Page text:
The implementation of GFI programs is based on local input and agreement on design of the project. Once a coalition and consensus are built we then tailor each activity according to our strength or engage key GFI partner to implement strategies outside of our expertise. Activities both target specific obstacles identified during the design phase as well as work cross-functionally on interrelated strategies. GFI uses a multi-stakeholder engagement to bring together a core group of local actors committed to advancing project goals and activities. The group will include actors such as producer and related business representatives, government officials and community leaders.

2) Technical Assistance

In collaboration with GFI partners and appropriate local organizations we develop a program for providing technical assistance on issues such as enhancing production, meeting industry quality and packaging requirements and the development of sales strategies. Private sector partners offer expertise and client networks to help construct more effective and profitable supply chains with a focus on the use of technical assistance overall to enhance production, quality, sales strategies, and supply chain management.


Increasing the productivity of land and farming practices or textile production is one of the largest potential areas for gain in small producer communities. This can be done through higher quality inputs, improved land management and better use of technology. This may include the sustainable use of appropriate technologies such as fertilizers, herbicides and insecticides for agriculture or fabric, machinery and design for textiles. Local and international best practices are drawn upon and analyzed for their appropriateness for each situation.


To be competitive, producer groups must address issues of uniformity and quality guidelines demanded by global markets. This requires more uniform inputs of quality seeds or fabrics. Associated activities can include setting up community seed banks, agricultural information centers or design trainings for textile workers.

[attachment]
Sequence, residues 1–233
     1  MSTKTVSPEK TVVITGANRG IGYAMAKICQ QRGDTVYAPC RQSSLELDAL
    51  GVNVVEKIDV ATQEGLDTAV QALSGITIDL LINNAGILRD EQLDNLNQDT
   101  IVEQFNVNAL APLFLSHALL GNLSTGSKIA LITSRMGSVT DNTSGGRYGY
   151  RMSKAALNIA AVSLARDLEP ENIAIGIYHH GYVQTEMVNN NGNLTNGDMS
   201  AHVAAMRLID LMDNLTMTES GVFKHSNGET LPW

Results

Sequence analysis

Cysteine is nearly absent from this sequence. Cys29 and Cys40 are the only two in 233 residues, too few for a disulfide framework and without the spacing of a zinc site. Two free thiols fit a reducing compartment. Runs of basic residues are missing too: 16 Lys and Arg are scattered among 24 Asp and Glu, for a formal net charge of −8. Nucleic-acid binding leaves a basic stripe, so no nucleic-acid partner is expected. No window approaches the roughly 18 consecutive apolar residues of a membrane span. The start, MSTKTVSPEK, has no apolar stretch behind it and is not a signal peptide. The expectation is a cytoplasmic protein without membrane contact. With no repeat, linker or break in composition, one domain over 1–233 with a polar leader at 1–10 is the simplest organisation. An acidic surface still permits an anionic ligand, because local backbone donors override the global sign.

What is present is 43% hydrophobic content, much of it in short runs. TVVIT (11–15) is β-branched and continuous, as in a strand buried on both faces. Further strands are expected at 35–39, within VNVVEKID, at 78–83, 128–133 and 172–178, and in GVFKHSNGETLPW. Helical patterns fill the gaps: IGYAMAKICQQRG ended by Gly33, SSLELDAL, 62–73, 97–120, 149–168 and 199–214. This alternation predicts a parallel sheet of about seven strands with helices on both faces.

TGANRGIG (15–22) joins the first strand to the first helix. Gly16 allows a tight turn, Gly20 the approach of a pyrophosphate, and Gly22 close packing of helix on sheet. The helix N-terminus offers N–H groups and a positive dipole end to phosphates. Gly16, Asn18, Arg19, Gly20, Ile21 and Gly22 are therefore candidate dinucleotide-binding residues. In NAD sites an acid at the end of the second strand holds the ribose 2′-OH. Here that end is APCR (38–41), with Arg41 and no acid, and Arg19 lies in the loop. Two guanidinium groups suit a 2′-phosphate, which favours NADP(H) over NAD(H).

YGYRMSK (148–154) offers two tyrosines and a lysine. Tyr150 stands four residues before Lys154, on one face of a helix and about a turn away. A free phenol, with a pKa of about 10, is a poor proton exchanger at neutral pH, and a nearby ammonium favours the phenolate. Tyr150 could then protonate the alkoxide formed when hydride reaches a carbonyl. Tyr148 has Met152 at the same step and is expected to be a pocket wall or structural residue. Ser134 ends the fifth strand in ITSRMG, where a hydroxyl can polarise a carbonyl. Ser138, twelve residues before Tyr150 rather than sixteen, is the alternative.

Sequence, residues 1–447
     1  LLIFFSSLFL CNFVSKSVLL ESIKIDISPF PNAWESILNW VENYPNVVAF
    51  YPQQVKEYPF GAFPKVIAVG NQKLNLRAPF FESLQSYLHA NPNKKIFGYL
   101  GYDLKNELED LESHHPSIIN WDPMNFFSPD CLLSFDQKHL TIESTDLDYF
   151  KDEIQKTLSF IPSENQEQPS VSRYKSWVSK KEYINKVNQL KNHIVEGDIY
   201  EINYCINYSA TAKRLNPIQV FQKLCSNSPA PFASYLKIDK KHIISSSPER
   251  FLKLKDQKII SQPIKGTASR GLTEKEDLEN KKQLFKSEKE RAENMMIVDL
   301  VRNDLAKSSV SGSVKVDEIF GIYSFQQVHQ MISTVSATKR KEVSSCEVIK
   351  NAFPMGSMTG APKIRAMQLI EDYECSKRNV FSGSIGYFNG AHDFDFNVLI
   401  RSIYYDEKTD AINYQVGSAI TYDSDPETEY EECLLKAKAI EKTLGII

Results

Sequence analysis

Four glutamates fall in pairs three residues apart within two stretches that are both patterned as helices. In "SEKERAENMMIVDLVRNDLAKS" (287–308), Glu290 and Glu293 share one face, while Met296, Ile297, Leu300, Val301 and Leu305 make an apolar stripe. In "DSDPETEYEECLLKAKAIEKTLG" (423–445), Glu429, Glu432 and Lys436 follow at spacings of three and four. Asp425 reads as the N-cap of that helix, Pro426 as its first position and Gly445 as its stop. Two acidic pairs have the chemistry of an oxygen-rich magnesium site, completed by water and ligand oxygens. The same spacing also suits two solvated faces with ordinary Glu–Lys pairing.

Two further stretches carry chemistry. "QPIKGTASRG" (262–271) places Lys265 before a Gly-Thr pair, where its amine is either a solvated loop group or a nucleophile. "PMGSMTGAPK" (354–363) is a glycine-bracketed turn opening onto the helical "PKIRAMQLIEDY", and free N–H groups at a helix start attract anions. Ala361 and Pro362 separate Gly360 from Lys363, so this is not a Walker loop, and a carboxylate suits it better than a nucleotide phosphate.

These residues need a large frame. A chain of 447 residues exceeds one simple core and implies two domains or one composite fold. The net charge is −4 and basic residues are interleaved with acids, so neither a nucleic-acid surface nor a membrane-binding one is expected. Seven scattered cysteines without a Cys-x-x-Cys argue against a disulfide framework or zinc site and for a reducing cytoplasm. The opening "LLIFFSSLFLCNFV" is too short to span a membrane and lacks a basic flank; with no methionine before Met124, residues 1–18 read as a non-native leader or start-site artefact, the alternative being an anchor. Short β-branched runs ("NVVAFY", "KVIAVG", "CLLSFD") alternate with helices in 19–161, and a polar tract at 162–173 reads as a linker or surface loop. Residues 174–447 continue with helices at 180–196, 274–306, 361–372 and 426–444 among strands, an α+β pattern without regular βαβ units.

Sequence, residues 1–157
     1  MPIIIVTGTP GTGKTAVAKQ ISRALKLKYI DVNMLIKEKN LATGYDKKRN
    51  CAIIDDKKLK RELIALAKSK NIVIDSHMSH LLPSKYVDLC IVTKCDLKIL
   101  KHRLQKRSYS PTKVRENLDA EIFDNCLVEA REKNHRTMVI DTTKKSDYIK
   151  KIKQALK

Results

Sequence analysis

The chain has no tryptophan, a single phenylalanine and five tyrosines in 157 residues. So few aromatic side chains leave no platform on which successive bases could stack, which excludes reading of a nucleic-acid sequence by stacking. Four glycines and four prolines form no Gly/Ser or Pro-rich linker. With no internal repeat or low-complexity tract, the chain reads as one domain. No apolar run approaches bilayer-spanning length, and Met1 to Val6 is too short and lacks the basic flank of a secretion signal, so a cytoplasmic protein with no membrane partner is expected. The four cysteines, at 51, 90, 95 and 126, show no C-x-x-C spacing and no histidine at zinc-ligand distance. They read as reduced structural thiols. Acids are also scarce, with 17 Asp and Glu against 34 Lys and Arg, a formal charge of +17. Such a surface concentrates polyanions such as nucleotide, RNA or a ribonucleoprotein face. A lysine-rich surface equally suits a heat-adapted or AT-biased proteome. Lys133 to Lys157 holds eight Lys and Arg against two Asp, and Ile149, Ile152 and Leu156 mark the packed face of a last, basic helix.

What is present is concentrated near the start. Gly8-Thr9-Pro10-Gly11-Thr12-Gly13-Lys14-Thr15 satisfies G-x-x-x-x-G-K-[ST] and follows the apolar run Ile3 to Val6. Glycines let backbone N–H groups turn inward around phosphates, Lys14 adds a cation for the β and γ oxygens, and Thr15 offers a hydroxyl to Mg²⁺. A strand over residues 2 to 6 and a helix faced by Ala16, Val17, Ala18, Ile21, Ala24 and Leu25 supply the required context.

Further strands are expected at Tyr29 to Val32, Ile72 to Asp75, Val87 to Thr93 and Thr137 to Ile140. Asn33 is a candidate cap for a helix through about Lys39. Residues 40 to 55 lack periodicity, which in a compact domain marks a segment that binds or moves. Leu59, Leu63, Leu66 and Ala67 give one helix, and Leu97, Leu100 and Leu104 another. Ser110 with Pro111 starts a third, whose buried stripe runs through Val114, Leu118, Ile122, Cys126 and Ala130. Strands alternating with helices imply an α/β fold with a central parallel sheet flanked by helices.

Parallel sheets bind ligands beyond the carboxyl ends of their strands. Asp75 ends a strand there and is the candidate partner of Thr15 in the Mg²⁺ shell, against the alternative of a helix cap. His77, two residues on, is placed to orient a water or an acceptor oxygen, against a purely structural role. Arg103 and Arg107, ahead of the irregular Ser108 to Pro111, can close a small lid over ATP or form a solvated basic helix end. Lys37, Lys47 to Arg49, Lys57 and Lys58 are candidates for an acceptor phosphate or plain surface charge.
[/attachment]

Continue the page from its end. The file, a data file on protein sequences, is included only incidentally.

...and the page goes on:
Sales Strategy

Smallholder textile and agricultural producers do not have the capacity to develop marketing campaigns to promote their products. GFI program participants benefit from improved market research and professional partnerships to create sales strategies and materials to ensure the competitiveness of the products in key markets.

Supply Chain Management

Limited storage capacity and difficult product transport remain two principle constraints in the supply chain for poor producers. Few small-holder producers have the physical space or knowledge of the necessary conditions for proper long-term preservation of such things as produce or other product inventory; in the case of agricultural products this can mean that they are forced to immediately sell their commodities during seasonal harvest periods when supplies are highest and prices are low. Improved storage capacity allows farmers to take advantage of lower supply periods when their products can earn a higher return.

3) Market Analysis

GFI market analysis strategies include a range of activities such as determining market demand and working with local officials to incentivize production of strategic products and promote coordination of rural distribution networks. This is done in parallel with multi-stakeholder activities that are helping producers to understand their role in the supply chain, as well as maximizing their leverage in local and global markets.

4) Policy Evaluation

It is clear that economic development projects do not operate in a policy vacuum. However, there is little to no formal representation of women small producers in policy-making processes. GFI and its Women's Trade and Finance Council (WTFC) work with local women's organizations to represent and raise the voice of women producers in national and international policy forums. The WTFC develops clear policy goals and an agenda to achieve them. The Wolfensohn Center for Development and the Brookings Institution, a recognized world leader in policy analysis, work directly with GFI and the WTFC to identify and prioritize the policy challenges being face by small producers. Counter-productive international policies are also examined and reform recommendations are developed and highlighted. Additionally, GFI works with local research organizations to help develop lessons and to build capacity. The overall goal is to improve policies that effect poor women producers throughout the developing world to inform a large educational campaign or support broader recommendations.